The so-called Democratic Republic of Congo (DRC) is currently ruled by the dictatorship of Joseph Kabila where arbitrary shootings, torture and arrests are widespread. As a member of the opposition party, Maurice Luzolo was imprisoned and tortured for demonstrating against the dictatorship, and while he was in jail, his wife was killed.
After his uncle bribed the prison guards to set him free, Maurice fled to the UK where he is seeking asylum. As is uncommonly usual in such cases, the Home Office didn't believe his story because the dates of the torture didn't tally...
"Every day they took someone and killed him" Maurice recalls "Every day they kicked us with heavy boots and beat us with rubber batons. They wouldn't stop. They'd say: 'This time we will kill you'. I was very injured in prison. I was in this prison for five months. I can't remember everything clearly. I think this is because of all the beatings and the injuries which made problems in my head..."
With evidence from the DRC and a specialist doctor in the UK confirming that torture took place, Maurice is currently fighting to overrule the Home Office judgement. In the meantime he has to report to Dallas Court in Salford and his friends and supporters were worried that yesterday he would be detained...
"Normally he reports every six months but they changed it to every two weeks and he was detained in May, even though it is unlawful for the Home Office to detain people who they have accepted are survivors of torture" RAPAR case worker, Phil explained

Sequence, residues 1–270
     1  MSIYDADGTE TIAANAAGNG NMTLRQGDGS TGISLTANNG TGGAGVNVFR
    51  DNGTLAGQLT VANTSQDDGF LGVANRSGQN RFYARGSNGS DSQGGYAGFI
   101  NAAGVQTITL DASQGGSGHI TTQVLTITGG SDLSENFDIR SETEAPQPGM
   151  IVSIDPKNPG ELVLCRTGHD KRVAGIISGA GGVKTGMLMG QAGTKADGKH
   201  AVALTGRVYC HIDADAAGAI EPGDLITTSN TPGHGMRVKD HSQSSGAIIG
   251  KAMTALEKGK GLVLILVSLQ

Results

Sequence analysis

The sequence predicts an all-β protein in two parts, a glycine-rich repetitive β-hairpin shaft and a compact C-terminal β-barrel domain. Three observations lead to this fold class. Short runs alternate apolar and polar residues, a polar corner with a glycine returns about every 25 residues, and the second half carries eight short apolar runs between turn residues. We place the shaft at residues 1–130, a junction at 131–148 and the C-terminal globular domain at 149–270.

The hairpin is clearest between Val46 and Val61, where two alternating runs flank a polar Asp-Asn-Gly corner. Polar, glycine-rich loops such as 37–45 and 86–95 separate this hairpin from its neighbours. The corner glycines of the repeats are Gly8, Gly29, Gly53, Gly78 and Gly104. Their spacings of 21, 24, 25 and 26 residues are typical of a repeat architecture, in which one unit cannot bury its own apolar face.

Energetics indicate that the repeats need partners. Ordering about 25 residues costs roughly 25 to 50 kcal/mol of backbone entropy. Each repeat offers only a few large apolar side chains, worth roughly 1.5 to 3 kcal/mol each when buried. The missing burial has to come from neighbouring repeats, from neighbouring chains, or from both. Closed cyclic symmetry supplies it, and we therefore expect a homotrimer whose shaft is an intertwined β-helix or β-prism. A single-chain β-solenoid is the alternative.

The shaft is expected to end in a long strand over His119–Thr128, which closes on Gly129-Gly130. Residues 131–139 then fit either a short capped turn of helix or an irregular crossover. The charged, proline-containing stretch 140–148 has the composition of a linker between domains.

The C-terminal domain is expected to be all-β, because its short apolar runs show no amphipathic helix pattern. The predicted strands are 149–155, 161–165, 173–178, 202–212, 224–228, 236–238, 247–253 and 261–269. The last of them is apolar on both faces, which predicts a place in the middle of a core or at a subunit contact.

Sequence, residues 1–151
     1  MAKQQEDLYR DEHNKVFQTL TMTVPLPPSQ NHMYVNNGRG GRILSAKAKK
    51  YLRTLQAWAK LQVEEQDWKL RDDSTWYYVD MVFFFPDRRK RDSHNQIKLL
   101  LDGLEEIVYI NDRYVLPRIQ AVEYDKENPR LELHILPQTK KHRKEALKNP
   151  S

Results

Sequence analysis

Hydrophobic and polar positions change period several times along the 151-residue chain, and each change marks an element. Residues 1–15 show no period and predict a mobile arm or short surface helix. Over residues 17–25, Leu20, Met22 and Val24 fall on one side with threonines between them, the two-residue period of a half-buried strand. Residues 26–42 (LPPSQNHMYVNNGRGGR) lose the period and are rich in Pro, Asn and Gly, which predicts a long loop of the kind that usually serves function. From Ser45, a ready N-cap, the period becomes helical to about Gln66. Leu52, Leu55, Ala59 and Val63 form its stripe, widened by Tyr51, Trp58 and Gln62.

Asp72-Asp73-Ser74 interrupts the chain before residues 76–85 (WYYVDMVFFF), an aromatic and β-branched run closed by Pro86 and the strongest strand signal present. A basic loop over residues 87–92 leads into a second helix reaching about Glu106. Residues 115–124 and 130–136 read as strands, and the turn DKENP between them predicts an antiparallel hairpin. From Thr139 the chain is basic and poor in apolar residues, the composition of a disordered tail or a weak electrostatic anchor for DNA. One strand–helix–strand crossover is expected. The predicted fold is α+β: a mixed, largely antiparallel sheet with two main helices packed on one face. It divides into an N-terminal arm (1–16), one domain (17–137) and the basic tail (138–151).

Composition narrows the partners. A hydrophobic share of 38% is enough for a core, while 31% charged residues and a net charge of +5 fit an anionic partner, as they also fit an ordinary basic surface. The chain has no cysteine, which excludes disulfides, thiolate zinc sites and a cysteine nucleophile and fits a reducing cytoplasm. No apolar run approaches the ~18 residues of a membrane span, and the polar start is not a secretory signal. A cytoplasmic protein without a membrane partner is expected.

"They detained him as if he had done an illegal act but was then let out without even a bail hearing because I think they noticed at a later stage what they did" he added "He has been diagnosed with Post Traumatic Stress Disorder and is a victim of torture. Today everything was fine and he has to come back in a month but we were making sure he was safe and showing solidarity."
In this country, Maurice is a member of APARECO (Alliance des patriotes pour la Refondation), an organisation which opposes Kabila's dictatorship and raises awareness in the UK about the killings and torture in DRC. To send him back to the Congo would be tantamount to threatening his life.
In the meantime, Maurice struggles on in the UK without a home, depending on friends who allow him to stay, and without a job, as the Home Office refuses to allow him to work.
"I am a volunteer at the Boaz Trust in Manchester" he says "By volunteering there, it makes me feel good to be around other people that I can help."
Read Maurice's full story on the RAPAR website Ė click here
See previous Salford Star article: Not The Fake News, for other asylum horror stories and real facts Ė click here
Photo shows Maurice with supporters outside Dallas Court